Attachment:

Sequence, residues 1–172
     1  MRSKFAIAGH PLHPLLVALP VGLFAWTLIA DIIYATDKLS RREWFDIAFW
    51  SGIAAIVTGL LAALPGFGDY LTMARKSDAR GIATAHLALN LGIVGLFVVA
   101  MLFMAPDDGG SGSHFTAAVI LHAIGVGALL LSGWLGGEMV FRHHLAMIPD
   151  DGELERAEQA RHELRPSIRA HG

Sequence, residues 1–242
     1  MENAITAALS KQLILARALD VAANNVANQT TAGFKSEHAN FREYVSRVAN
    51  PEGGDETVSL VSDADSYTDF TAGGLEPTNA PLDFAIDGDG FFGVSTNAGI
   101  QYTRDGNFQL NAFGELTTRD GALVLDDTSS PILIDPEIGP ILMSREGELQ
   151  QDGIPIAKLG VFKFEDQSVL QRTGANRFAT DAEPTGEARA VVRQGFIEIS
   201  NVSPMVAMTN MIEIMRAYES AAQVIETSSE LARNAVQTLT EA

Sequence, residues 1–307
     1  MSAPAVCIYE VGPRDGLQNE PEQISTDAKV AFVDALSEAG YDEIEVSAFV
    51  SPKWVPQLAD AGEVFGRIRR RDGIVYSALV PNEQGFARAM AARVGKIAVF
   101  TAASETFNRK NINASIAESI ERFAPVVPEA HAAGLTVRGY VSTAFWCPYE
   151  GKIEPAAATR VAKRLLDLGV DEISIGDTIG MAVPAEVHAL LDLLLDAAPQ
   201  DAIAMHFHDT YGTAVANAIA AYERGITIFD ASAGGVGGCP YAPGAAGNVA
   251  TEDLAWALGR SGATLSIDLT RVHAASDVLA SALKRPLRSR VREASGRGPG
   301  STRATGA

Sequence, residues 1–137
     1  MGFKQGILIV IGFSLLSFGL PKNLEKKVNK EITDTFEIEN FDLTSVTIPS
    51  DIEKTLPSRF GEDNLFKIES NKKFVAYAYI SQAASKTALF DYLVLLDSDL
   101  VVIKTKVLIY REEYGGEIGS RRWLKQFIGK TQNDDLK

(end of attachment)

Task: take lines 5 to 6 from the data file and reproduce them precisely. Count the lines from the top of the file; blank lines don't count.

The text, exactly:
   151  DGELERAEQA RHELRPSIRA HG

Sequence, residues 1–242